What It Really Means to Cancel Elective Surgeries

What It Really Means to Cancel Elective Surgeries

04/02/2020

Credit: RICHARD ROSS / GETTY

theatlantic.com

Three weeks ago, Robert Cruickshank went to the ER in Seattle with terrible abdominal pain. The diagnosis? Gallstones. The hospital gave him strong painkillers and urged him to come back again—and soon—to have his gallbladder removed. “It doesn’t have to happen tonight,” he recalls the doctors saying, “but get it scheduled as soon as possible.” No one yet knew that the coronavirus was already spreading undetected through the city. Cruickshank briefly wondered if this virus in the news would affect things when scheduling the surgery for yesterday, but his doctor didn’t seem worried.

By this past Friday, everything had changed. The doctor’s office called to say that his gallbladder-removal surgery would be postponed indefinitely.

All over the country, patients are finding their nonemergency surgical appointments canceled as hospitals prepare for a spike in coronavirus cases. Surgeries for early-stage cancer, joint replacements, epilepsy, and cataracts are all getting pushed back—to ration much-needed personal protective equipment, keep hospital beds open, and to shield patients from the virus. On Friday, the American College of Surgeons recommended that hospitals reschedule elective surgeries as needed. Hospitals in outbreak hot spots such as Seattle, New York, and Boston were the first to act, but more are likely to follow suit.

Some patients are left wondering if they have a ticking time bomb inside them. Others are upending carefully made plans for life-altering surgeries with long recovery times.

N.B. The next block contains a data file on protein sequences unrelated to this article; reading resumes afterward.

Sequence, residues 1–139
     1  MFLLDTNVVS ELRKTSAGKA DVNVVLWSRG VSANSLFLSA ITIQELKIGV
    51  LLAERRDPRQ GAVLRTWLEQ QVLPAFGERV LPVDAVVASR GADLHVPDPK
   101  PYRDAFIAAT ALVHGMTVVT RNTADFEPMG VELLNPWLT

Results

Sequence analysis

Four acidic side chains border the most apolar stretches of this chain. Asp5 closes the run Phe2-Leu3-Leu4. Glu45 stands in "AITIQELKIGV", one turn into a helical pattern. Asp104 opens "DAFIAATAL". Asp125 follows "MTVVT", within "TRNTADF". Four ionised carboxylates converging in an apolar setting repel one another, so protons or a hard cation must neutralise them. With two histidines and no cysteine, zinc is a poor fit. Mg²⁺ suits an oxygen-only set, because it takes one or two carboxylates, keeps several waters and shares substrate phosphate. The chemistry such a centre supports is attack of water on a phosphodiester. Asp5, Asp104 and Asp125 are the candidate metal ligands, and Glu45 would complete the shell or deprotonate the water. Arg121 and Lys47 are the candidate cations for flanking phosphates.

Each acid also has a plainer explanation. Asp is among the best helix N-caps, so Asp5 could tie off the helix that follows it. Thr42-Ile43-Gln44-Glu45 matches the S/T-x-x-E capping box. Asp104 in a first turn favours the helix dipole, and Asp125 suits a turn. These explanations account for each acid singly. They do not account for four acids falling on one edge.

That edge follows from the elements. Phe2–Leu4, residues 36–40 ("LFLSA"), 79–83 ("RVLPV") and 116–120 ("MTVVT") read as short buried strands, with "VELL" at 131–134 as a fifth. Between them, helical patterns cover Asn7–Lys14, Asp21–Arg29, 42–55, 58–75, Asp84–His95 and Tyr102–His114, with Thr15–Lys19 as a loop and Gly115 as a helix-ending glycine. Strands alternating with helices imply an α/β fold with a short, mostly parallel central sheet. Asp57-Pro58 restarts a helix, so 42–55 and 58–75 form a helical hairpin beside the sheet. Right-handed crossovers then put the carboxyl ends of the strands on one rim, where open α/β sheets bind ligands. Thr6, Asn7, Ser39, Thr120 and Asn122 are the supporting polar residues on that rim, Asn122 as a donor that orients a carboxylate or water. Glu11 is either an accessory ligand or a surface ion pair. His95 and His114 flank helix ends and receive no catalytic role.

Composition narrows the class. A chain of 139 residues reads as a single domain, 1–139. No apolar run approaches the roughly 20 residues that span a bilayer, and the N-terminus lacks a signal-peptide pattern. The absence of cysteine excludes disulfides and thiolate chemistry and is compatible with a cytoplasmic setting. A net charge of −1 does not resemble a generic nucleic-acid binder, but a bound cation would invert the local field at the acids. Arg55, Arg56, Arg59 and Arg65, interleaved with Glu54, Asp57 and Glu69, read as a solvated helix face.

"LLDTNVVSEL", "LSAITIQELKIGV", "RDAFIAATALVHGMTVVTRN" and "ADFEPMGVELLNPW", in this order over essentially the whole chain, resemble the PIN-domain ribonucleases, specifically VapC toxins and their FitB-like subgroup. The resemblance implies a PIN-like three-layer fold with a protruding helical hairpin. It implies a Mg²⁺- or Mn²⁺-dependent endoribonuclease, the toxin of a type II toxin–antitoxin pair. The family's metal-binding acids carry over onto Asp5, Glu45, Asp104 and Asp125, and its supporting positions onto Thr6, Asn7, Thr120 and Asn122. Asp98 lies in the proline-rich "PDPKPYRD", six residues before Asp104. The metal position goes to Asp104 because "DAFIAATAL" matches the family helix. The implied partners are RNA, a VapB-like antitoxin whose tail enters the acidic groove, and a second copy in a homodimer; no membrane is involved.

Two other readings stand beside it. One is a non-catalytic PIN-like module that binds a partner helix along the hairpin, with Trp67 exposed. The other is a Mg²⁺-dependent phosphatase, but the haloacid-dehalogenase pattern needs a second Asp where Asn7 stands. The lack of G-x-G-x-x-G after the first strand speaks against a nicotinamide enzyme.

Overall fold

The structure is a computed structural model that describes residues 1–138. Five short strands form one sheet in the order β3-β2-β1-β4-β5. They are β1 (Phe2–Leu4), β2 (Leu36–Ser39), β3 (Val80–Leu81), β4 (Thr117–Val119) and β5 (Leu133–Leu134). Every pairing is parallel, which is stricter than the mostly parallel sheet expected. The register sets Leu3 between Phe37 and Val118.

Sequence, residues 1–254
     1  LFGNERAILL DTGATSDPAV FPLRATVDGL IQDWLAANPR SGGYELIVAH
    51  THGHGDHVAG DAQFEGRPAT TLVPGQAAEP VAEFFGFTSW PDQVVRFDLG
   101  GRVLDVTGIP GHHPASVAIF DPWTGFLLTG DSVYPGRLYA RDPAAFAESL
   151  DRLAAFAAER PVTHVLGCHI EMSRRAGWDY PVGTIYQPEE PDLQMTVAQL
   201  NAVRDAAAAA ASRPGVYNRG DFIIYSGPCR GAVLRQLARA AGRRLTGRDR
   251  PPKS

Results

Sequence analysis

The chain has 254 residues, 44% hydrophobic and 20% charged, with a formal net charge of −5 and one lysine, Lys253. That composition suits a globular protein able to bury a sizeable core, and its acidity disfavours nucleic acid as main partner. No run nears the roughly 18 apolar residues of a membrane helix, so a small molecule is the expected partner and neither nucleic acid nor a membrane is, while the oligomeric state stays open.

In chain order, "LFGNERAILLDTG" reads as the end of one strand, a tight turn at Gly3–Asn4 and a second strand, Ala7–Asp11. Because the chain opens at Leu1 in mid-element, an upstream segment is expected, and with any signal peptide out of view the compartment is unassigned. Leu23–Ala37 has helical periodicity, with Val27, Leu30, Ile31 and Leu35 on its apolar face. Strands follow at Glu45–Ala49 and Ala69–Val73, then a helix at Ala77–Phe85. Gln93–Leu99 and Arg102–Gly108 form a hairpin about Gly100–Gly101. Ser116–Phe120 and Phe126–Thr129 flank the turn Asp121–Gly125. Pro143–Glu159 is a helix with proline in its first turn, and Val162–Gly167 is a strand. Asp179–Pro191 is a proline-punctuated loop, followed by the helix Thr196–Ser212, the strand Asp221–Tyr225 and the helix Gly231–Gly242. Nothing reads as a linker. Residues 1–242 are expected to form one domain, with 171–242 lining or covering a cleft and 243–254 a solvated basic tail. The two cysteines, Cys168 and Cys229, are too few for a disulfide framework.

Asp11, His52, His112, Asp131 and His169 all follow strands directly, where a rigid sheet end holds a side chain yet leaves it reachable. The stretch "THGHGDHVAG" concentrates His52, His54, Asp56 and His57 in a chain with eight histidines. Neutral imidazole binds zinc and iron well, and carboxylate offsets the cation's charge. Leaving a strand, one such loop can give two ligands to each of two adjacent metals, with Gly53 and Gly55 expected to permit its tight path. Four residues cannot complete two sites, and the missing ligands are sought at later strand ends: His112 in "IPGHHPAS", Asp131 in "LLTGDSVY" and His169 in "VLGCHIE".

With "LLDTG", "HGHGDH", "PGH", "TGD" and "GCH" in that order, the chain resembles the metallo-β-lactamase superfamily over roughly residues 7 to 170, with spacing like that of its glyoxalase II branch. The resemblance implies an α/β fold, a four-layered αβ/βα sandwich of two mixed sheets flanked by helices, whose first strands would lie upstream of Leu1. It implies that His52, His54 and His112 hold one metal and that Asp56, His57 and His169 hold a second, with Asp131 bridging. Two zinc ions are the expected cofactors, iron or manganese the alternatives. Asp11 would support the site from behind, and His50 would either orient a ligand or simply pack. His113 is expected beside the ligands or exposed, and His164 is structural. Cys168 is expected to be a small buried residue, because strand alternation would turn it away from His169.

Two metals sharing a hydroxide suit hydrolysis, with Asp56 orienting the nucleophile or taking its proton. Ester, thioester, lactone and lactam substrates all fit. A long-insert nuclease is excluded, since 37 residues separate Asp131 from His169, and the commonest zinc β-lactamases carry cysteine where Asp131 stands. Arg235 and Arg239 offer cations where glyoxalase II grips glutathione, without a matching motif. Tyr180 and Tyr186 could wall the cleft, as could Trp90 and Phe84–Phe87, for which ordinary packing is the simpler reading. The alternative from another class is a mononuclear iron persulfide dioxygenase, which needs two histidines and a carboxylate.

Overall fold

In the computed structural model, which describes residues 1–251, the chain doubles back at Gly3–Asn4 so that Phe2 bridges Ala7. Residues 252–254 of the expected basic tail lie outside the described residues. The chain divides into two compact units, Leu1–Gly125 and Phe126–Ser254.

Elective surgery does not mean optional surgery. It simply means nonurgent, and what is truly nonurgent is not always so obvious. Gerard Doherty, the chair of the surgery department at Brigham and Women’s Hospital in Boston, which began postponing elective surgeries on Friday, says surgical procedures can fall into one of three categories. About 25 percent of the surgeries performed at his hospital can be delayed without much harm. These might include joint replacements and bariatric surgeries for weight loss. Another 25 percent are for life-threatening emergencies that need to be treated right away: perforated bowels, serious heart problems, bones that have broken through the skin.

The last 50 percent are the tricky ones. These cases, Doherty says, have “some potential for harm to delay”; they might include cancer and problems in the blood vessels of the arms and legs. Brigham and Women’s is postponing some of these surgeries now on a case-by-case basis.

In Cruickshank’s case, for example, the initial bout of acute pain has passed. (That might have been when a gallstone got stuck.) He still feels “a little something” every now and then, and he worries that a flare-up might send him to the ER again. “Now I’m concerned,” he says. “If I go to the ER, are they going to have to turn me away and say, ‘Sorry, we have a bunch of coronavirus patients’?” The middle of a pandemic is a bad time to have a health emergency.

For other patients, the canceled appointments have meant rescheduling long-anticipated and life-changing surgeries. Sherrie Kumm, 33, of Ellensburg, Washington, has epilepsy that causes her to have a petit-mal seizure nearly every day. She can’t drive. For the past six months, she has been preparing to have a small section of her brain removed to stop the seizures—a two-part surgery that would require a two-to-four-week hospital stay. She took a semester off from her online degree, took time off from her job at a school, and arranged for her mother to watch her two sons while she was hospitalized.